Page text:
Ages ago the dinosaurs roamed the earth. All evidence demonstrates that they met with an untimely end. Much in the same vein, I firmly believe that Adobe’s Flash has reached it’s own extinction level event. Time for this dinosaur to quietly slip into the tar pits and be relegated to the mists of time.
In the last few weeks we saw news come to light that the hapless Hacking Team had a few zero day exploits that they used to gain access to remote systems for themselves or their clients. I wasn’t vexed by this so much as I was befuddled that we still see Adobe Flash in heavy use across the vast expanses of the Internet.
Why is Flash still used? Well, because it is visually appealing. Much in the same way that a cat chases a red dot across the floor, we find ourselves drawn to the visual aesthetic of Flash. The problem being is that security is a huge problem for this particular product. A quick search on OSVDB shows over 500 security issues with Flash. I didn’t even take the time to break it down into high or critical buckets because I think on shear volume alone we see the results in stark detail.
So, what is to be done? Mozilla took the step of temporarily disabling Flash for users in their browsers when news broke of the zero days that were unearthed in the Hacking Team data breach. While I appreciate the sentiment this was a massive missed opportunity. They came so very close to making a stand and just pulled back as they teetered on the precipice. This would have been a welcome voice added to the fray in an attempt to put an end to Flash.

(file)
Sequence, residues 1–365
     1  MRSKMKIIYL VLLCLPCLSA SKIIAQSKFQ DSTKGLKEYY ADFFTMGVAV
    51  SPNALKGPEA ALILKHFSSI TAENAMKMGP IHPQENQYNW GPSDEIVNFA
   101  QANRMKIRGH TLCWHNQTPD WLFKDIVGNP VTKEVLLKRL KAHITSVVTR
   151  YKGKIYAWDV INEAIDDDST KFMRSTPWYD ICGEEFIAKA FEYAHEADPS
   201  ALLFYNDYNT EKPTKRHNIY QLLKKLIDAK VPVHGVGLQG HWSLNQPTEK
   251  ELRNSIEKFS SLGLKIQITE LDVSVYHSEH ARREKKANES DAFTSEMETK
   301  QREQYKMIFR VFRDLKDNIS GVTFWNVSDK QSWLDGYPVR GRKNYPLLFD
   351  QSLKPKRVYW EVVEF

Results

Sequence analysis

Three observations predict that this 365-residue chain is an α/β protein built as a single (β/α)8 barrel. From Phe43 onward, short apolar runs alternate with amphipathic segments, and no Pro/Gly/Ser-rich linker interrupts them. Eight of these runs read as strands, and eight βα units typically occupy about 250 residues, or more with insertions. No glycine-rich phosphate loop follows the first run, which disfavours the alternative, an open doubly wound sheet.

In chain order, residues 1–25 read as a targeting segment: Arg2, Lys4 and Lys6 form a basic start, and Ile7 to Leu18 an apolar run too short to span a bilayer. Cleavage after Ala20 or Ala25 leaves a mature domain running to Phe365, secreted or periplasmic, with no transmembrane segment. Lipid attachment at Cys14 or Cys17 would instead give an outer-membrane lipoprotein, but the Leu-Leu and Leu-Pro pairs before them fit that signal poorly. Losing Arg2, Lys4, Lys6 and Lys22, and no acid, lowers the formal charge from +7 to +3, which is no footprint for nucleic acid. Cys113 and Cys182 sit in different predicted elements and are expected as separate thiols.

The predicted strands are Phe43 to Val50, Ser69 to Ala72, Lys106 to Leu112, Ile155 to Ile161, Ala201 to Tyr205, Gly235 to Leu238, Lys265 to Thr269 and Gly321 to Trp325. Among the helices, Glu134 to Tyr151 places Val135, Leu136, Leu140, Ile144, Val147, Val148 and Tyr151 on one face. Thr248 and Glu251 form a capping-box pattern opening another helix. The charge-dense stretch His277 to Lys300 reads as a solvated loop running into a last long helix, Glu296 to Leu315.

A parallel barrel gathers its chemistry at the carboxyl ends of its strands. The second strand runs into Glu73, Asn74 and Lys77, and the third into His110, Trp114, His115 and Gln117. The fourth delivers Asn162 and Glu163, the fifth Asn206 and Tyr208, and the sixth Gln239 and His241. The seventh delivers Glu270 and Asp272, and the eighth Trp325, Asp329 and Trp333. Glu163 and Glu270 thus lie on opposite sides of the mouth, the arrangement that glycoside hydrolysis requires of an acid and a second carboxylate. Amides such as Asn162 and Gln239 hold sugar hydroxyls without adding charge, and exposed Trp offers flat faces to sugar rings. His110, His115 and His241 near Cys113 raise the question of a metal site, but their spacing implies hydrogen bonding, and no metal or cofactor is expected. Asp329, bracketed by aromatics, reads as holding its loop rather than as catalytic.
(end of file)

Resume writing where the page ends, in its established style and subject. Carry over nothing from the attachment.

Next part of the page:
To be fair, if Flash didn’t have so many problems I would not be quite so opinionated about it. I remember when Apple first made it known that iOS devices would not support Flash. People said at the time that it was an ill formed decision. Now, with the benefit of hindsight we see that this was an important stand to make.
Web developers need to start leveraging new ways to gain the sticky factor to have visitors stay on their websites. Better content is always a novel idea. Relying on ‘flash’ and glitz for a website does little to maintain the interest of a website visitor for anything longer than a few initial seconds.
As for the average web surfer, I would suggest that they uninstall Flash from their systems altogether. More often than naught these installs are not up to current revisions. Sadly, this then exposes people to the potential for remote compromise. With Blackhat and DEF CON just days away we can rest assured that more on this subject will come to light.
As we move forward in the time continuum we need to shed the deprecated dinosaurs of the past lest we be pulled into the tar pit of security exposures. It is time for the Flash extinction level event.